Jaak Panksepp

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Jaak Panksepp
Jaak Panksepp (on the right) at the promotion of honorary doctors at the University of Tartu (December 2004).
BornJune 5, 1943
DiedApril 18, 2017(2017-04-18) (aged 73)
Alma materUniversity of Pittsburgh (BS, 1965)
University of Massachusetts, Amherst (MS, 1967) (PhD, 1969)
Known forPioneer in affective neuroscience
AwardsOrder of the White Star
Scientific career
FieldsPsychology, Neuropsychopharmacology, Affective neuroscience, Behavioral neuroscience

Jaak Panksepp (June 5, 1943 – April 18, 2017) was an Estonian-American neuroscientist and psychobiologist who coined the term "affective neuroscience", the name for the field that studies the neural mechanisms of emotion.[1][2][3] He was the Baily Endowed Chair of Animal Well-Being Science for the Department of Veterinary and Comparative Anatomy, Pharmacology, and Physiology at Washington State University's College of Veterinary Medicine, and Emeritus Professor of the Department of Psychology at Bowling Green State University. He was known in the popular press for his research on laughter in non-human animals.[4][5]

Early life and education[edit]

Panksepp was born in Tartu, Estonia on June 5, 1943. His family escaped the ravages of post-WWII Soviet occupation by moving to the United States when he was very young.[6] He initially studied at University of Pittsburgh in 1964, and then completed a Ph.D. at the University of Massachusetts.[7]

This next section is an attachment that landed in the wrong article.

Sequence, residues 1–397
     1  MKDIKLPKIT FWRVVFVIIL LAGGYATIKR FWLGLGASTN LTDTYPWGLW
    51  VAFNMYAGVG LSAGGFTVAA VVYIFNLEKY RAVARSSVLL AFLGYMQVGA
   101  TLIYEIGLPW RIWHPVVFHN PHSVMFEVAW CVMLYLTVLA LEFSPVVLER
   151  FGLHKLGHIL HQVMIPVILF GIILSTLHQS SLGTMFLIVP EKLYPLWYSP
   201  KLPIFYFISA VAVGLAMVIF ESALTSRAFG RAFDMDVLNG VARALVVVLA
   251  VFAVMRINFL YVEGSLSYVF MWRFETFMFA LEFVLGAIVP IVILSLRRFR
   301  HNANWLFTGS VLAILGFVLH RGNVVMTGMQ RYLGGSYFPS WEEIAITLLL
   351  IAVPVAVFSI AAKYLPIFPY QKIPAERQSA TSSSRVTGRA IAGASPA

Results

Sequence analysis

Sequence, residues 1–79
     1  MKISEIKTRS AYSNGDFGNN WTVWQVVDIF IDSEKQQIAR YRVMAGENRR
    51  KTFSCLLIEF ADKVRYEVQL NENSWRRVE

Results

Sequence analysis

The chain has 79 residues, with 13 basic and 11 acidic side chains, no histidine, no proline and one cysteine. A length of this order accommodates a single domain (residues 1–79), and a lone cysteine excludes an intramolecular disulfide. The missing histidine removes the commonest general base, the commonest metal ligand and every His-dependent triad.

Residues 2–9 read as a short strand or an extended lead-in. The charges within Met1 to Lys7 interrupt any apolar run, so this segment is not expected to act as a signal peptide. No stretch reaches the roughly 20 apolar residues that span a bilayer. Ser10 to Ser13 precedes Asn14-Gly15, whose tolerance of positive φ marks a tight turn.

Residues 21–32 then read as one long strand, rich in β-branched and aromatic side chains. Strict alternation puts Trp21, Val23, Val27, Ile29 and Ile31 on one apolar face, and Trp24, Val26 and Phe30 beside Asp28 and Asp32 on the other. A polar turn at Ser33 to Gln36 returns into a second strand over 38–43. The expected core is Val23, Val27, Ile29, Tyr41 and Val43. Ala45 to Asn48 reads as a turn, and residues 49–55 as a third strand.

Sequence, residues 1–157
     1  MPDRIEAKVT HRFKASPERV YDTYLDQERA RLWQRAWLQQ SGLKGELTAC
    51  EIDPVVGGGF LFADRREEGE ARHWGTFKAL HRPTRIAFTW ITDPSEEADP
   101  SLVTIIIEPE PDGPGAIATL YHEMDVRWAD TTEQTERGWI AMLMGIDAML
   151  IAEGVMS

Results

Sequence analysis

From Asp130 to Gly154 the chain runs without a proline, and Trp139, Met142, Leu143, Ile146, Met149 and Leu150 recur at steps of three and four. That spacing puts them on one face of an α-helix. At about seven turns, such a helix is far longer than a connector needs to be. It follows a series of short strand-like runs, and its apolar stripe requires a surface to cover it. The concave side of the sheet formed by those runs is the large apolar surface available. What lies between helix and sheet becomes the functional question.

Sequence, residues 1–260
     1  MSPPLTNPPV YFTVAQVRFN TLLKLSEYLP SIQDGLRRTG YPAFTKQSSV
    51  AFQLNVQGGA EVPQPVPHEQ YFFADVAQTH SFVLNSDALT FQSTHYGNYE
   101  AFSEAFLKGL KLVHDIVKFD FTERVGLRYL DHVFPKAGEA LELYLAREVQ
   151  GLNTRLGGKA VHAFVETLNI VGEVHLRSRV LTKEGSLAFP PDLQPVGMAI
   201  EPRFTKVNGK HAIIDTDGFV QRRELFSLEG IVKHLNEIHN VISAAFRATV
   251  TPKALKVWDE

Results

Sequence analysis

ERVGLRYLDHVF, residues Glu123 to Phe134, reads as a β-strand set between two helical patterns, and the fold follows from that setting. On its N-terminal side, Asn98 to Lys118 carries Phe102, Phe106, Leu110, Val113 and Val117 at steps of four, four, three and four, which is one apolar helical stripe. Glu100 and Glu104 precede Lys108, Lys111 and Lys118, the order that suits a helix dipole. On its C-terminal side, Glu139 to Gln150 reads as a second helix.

Panksepp resisted establishment forces in animal research, the most notably B. F. Skinner’s school of behaviorism which held that human emotions are irrelevant and animal emotions suspect. He was ridiculed for wanting to study the neuroscience of affect, and he struggled to find research funding.[8] Panksepp conducted many experiments; in one with rats, he found that the rats showed signs of fear when cat hair was placed close to them, even though they had never been anywhere near a cat.[9] Panksepp theorized from this experiment that it is possible laboratory research could routinely be skewed due to researchers with pet cats.[9] He attempted to replicate the experiment using dog hair, but the rats displayed no signs of fear.[9]

In the 1999 documentary Why Dogs Smile and Chimpanzees Cry, he is shown to comment on the research of joy in rats: the tickling of domesticated rats made them produce a high-pitch sound which was hypothetically identified as laughter.